Your pocket doesn’t give up bad rebounds, your hands do. I recommend using a tighter pocket in warm ups and practice to develop soft hands so you learn to not give up rebounds.
A shallower pocket will also help you make longer passes which gives you more options on clears.
“But Coach! I can’t dodge or fake with a shallow pocket!?” I get it. Listen, you’re not a middie playing goalie, you’re a goalie first. You’re meant to make saves. Do your best to control the rebounds. And then make great outlet passes to your teammates so they can go down the field and score. That’s your primary responsibility. When you get stronger physically, then you can do all the fancy stuff. Got it?
Make Sure Your Lacrosse Goalie Stick Is The Right Length
Gone are the days of long lacrosse goalie sticks. I was a pioneer when it came to short goalie sticks so I’ve seen this for a very long time.
How long should your lacrosse goalie stick be? Here’s a general guideline…hold your stick with your top hand up by the throat. Now drop your hand to your side so the head of the stick points to the floor and the butt end comes up behind the shoulder.
This photo is a screenshot from our “All About The Lacrosse Goalie Stick” Module inside the Lacrosse Goalie University Vault. Click the image to learn more about LacrosseGoalieUniversity.
I recommend cutting the stick so that the butt end is at, or slightly above the top of your shoulder.
If you’re a lacrosse goalie who is still growing then leave the shaft a little long. But if you’re done growing, you can cut it a little shorter. This length works for most lacrosse goalies and it’s one of my best lacrosse goalie tips I can give to a goalie looking to have better saves and clears.
Hit The Wall…Or The Roof!
You’ve probably heard of wall ball, right? Well, do it!
It doesn’t have to be a lacrosse ball. It can be a tennis ball. A foam ball. Your sisters stuffy. I don’t care!!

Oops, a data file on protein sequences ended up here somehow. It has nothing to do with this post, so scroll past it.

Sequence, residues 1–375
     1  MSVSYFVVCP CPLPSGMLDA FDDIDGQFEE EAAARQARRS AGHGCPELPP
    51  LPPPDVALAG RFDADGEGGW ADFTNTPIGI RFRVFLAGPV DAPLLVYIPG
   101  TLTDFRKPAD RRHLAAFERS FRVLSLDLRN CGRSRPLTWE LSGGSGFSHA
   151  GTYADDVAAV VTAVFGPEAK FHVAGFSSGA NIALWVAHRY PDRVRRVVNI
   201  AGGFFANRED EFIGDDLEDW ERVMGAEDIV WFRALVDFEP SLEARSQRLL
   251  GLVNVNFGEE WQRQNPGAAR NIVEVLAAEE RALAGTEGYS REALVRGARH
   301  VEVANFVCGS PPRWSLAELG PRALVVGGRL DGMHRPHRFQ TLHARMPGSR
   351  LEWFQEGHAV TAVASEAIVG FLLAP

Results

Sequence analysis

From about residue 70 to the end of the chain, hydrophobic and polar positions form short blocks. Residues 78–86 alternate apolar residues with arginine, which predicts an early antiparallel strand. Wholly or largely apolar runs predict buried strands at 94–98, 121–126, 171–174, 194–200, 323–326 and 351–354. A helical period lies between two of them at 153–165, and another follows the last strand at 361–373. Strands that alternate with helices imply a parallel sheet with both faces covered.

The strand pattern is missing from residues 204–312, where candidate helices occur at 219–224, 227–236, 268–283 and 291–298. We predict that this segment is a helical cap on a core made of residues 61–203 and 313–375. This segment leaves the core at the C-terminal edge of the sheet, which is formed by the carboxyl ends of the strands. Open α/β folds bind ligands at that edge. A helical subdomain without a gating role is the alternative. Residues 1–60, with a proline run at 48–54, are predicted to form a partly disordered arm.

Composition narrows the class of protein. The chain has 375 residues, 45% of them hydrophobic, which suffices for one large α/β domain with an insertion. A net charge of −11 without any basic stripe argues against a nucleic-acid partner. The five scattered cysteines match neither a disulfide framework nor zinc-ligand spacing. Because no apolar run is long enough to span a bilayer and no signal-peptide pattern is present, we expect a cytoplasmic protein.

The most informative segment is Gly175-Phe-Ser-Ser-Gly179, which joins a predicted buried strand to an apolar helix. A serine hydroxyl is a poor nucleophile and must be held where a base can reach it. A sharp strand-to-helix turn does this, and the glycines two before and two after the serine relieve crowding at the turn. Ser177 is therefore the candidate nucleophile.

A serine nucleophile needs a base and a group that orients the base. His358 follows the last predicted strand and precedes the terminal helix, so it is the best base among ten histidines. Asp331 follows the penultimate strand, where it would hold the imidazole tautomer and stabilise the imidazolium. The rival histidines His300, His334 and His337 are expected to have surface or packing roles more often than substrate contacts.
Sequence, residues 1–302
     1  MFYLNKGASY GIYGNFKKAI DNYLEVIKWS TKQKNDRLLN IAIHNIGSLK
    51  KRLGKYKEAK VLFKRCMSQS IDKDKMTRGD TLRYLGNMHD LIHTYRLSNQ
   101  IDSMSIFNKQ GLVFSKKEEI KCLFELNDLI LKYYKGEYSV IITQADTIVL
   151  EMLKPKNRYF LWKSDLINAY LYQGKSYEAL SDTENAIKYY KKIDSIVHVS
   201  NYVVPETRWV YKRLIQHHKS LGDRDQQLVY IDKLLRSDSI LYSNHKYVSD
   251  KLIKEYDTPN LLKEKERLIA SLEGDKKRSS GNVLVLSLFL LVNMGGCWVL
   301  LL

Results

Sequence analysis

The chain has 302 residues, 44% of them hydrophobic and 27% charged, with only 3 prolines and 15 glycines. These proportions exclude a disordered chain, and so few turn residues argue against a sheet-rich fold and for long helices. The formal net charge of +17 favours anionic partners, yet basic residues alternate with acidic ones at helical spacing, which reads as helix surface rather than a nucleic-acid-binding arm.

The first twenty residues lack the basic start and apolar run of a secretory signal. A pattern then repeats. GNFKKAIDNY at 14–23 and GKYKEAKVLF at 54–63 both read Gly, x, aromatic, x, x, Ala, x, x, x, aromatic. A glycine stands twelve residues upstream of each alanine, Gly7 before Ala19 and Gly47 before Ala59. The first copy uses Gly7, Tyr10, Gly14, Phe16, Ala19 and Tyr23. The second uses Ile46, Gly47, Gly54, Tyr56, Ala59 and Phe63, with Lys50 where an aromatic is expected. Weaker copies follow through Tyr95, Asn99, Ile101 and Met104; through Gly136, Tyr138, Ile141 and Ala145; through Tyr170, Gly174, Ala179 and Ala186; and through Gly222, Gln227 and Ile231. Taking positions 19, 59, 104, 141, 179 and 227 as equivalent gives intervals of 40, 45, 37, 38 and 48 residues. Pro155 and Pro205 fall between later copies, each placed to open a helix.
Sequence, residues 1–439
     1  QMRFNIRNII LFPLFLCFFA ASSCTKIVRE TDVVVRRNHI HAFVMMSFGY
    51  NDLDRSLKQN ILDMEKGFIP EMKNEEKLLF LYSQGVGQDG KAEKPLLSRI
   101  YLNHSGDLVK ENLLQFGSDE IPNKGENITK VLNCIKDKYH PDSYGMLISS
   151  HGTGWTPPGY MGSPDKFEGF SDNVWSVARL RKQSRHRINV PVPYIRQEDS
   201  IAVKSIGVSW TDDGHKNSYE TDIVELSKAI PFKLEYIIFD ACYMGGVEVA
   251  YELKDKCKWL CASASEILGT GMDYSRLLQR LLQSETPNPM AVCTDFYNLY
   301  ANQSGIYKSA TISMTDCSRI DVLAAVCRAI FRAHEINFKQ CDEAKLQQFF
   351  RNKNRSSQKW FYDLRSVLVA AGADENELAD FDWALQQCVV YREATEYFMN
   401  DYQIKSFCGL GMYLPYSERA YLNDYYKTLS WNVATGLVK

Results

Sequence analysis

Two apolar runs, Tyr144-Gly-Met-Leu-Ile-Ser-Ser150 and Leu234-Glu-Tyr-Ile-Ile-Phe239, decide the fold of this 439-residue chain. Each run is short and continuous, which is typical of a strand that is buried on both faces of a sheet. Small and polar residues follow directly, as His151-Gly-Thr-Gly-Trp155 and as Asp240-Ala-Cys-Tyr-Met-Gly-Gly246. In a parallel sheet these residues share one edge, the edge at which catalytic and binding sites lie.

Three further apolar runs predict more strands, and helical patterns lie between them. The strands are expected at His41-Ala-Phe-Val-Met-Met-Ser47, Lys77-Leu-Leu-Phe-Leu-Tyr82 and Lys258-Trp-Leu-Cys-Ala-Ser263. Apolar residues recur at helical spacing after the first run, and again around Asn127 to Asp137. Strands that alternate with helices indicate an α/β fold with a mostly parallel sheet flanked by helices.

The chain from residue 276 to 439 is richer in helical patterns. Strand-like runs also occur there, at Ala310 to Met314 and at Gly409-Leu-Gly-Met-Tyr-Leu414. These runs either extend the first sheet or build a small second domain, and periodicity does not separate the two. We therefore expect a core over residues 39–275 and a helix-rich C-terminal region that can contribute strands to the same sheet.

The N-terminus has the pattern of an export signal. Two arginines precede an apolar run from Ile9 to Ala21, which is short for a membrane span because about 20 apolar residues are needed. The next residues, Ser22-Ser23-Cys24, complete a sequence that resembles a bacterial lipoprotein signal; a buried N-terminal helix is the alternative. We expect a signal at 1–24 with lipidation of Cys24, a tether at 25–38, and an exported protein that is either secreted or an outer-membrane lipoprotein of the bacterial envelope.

What you are developing is the strength in your hands and your forearms and shoulders to be able to toss a ball (or anything, for that matter) at a target. By having a lot of repetition you are developing the fine motor skills in your hands to be able to do that.
I used to shoot tennis balls at my parents kitchen cabinets when they were gone. (Don’t try this at home kids. Their cabinets were solid pine. Yours probably aren’t. But if you’ve got a foam ball go right ahead!)
I also used to throw tennis balls on the roof and wait for them to bounce down. This really helped my shoulders as the throwing motion was higher up and was more like a clear. I had to reach out to catch balls that took funny bounces off the peak. So be creative!
Like most things, if you spent just fifteen minutes a day doing this, you’d be an excellent goalie faster than you ever thought possible. So put down the phone. Put some music in your ear buds and go hit the wall.
Lacrosse Goalie Tips 3 of 10: Set The Goal To Be a Great Lacrosse Goalie
Can you see yourself being a great goalie? “Well, no Coach. I’m just trying to be…better.”
I get it. But that’s not going to happen until you see yourself as a better goalie.
Most athletes totally mess this up let alone lacrosse goalies. They’ll start to believe they can be better once they see themselves get better. They are waiting for proof before they believe. But belief comes first. Proof comes later.